Chiltern Railways (PDF) was another to raise concerns about inaccessible ticket purchasing, stating in its assessment: “With the removal of the ticket office, some customers may be unable to understand, be familiar with, or find it difficult to use technology.”
South Western Railway (PDF) was among those to highlight concerns about passengers who rely on hearing loops, which are usually only available in ticket offices and not around the station.
It pointed out in its EIA that a ticket office “is a focal point of a station where customers can get assistance in buying a ticket and journey information” and without a ticket office “the focal point of the station is lost”.
It also warned that people with learning difficulties might struggle to buy tickets without a ticket office, and that with fewer staffing hours available at some stations they “may become a place for targeted intimidating behaviour from perpetrators”.
West Midlands Trains said in its assessment (PDF) that a “reduced staff presence” could result in “less support for people through the station environment”, while it also raised concerns over reduced access to toilet facilities and waiting-rooms.
All the companies stressed in their EIAs that they would take “mitigating” measures to reduce the possible harmful effects of the closures.
In its EIA mitigation (PDF), Great Western Railway argued that there would be a transition period “designed to help make the changes more gradual”, while it said the industry was investing in simplifying fares “to make it even easier for customers to self-serve” and was “training staff to help support customers purchase tickets”.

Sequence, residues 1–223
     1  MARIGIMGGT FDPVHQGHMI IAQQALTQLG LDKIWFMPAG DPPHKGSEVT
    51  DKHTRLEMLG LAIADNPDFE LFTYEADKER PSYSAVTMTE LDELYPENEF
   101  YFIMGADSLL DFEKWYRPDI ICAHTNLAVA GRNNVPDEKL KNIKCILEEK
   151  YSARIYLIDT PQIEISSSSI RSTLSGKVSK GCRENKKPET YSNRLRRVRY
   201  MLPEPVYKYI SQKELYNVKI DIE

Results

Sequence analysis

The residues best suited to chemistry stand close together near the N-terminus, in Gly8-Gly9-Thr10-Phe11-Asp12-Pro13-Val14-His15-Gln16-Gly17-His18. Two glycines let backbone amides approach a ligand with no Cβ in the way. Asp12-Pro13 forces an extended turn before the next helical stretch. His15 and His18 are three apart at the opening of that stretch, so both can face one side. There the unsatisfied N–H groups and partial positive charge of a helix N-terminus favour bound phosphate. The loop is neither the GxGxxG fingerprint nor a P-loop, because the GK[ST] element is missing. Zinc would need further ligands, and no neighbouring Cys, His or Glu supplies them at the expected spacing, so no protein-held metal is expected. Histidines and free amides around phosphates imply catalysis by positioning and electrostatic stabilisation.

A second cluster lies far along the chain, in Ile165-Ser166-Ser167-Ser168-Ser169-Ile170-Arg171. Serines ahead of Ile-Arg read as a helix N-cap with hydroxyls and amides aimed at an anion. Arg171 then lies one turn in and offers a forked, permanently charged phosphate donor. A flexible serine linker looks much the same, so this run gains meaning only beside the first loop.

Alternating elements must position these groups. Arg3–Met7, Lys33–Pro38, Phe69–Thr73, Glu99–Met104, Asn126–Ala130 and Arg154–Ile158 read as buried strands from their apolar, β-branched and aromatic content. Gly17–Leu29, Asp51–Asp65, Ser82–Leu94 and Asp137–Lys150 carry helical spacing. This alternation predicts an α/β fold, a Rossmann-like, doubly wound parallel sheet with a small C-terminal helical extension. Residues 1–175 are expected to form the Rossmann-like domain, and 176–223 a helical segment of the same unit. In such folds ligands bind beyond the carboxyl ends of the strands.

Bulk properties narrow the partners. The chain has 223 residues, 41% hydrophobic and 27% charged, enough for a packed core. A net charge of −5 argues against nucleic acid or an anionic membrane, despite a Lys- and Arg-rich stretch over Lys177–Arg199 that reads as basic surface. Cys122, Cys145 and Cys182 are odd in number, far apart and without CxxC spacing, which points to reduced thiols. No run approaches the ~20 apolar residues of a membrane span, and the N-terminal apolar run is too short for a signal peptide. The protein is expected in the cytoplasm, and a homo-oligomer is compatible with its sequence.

Greater Anglia argued that a strong communications strategy would “help to reassure customers”, while staff presence may even improve so stations “may appear busier and feel more secure”, with its staff “trained to proactively look out for and help any customer who may need assistance”.
But some of the EIAs talked of how the company would seek advice from groups representing disabled passengers to “find and implement suitable mitigations”.
In response to concerns about blind, visually-impaired or deaf passengers not being able to navigate stations, East Midlands said it was “reviewing” its “current wayfinding offer” and would be consulting its accessibility and inclusion panel, while staff “will still be available to support with the purchasing of tickets and navigating the stations during certain hours”.
Govia Thameslink, which operates Gatwick Express, Great Northern, Southern and Thameslink, said in its EIA (PDF) that it would be “consulting with organisations representing customers with lived experience” to find a solution to the hearing loop issue.
It also said it was “working at an industry level” to find a solution for discounted tickets that are available to wheelchair-users and blind and visually-impaired passengers but can only be obtained at ticket offices.
There were more than 680,000 responses to the consultation by the time it closed on Friday (1 September).
The train companies can then refer their proposals to transport secretary Mark Harper if they disagree with the conclusions of the two watchdogs.